UNDP, Timor-Leste launch GCF-backed project to protect rural communities against climate change
Dili - As Timor-Leste continues to experience unpredictable weather patterns and the impacts of more intense wet seasons and longer dry seasons, government representatives from the Secretary of State for Environment, Ministries of Agriculture and Fisheries, Interior (Secretary of State for Civil Protection), Public Works, and State Administration opened a United Nations Development Program inception workshop for a new adaptation project, backed by the global Green Climate Fund, to help protect rural communities.
More than 70 per cent of Timorese live in remote rural areas with little infrastructure. Their lives and livelihoods are significantly impacted by climate-related events such as floods, landslides, erosion, sea level rise and droughts, which have been increasing in intensity in Southeast Asia in recent years. In the most recent disasters to hit the country, an unexpected late wet season caused widespread flooding in Dili in March, while drought ruined crop production in other areas, dramatically increasing food insecurity among subsistence farmers who make up over 65 percent of the population.
In response to the challenges, the six-year project ‘Safeguarding Rural Communities and their Physical Assets from Climate Induced Disasters in Timor-Leste’ will support the implementation of 130 climate-resilient small-scale infrastructure across six municipalities that have been identified as most vulnerable to climate-related hazards. Approximately 175,840 people – around 15% of the population – will benefit from 38 new water supply systems, 25 irrigation schemes, 216 kilometres of rural roads, and 20 flood-protection infrastructure.
The project will also introduce transformative adaptation approaches to planning and implementation of the country’s rural infrastructure development programmes under village and municipality levels development planning frameworks.
Further, it will strengthen ecosystems services through catchment management approaches and reforestation, as well as bolster Timor-Leste’s policies, regulations and institutions related to climate change and disaster preparedness. This includes developing risk information services, vulnerability mapping and monitoring.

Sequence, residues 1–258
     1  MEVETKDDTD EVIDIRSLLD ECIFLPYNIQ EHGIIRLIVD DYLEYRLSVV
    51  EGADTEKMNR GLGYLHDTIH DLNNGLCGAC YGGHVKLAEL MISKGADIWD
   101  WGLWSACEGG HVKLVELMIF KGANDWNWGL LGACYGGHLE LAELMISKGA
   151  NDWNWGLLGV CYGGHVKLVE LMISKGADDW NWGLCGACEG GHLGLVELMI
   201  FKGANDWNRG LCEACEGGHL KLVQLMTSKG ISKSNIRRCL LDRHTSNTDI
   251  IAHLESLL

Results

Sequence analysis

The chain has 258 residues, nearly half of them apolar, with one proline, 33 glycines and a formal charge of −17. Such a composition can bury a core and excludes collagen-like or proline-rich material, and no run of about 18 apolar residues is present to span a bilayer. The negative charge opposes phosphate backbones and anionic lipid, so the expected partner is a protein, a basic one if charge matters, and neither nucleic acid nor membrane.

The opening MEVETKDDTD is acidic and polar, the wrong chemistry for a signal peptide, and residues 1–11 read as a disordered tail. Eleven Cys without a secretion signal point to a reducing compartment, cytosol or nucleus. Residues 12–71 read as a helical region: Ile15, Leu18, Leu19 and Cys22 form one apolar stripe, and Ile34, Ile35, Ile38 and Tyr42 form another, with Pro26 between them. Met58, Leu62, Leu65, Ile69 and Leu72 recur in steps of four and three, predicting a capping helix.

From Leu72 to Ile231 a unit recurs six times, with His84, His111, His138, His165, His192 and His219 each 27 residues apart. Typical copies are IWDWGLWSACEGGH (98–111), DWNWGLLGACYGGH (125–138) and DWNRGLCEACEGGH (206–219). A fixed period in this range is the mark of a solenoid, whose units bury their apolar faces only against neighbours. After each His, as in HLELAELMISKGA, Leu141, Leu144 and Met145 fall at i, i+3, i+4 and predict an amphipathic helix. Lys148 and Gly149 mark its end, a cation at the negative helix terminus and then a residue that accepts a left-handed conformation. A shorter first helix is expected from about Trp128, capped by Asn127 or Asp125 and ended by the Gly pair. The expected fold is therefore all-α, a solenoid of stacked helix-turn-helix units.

“For many years we have observed that irrigation schemes are collapsing, and this includes paddy fields which are affected by floods. We hope that this project will solve this problem to increase agricultural production in the future,” said the Secretary of State for Environment, Mr Demétrio de Amaral de Carvalho.
“We have lost a significant proportion of our productive areas to the impacts of floods, droughts and erosion. This is a serious situation and loss of our forests at a rate of 1.7 per cent per year since 2003 should be a priority for protection, said Vice Minister for Agriculture and Fisheries, Mr Abilio Xavier de Araujo.
The inception workshop, taking place over two days in the capital Dili, gathered inputs from technical specialists and community leaders, as well as presented the findings of a baseline assessment into climate change-induced disasters and their impact on infrastructure across the target municipalities.
“Our leaders have all come here from distant and rural municipalities with one objective, to ensure the wellbeing of our communities,” said Vice Minister of State Administration Mr Lino Torezao.
“We are thankful for such strong government leadership on this project. The challenge of climate change will affect so many Timorese, particularly the most vulnerable communities, and we must act now to ensure their lives and livelihoods are not further impacted by these changes,” said UNDP Resident Representative Munkthuya Altangerel.
The project is funded by a $22.4 million grant from the Green Climate Fund with over $36 million in government co-funding.
More information on the project, please click here.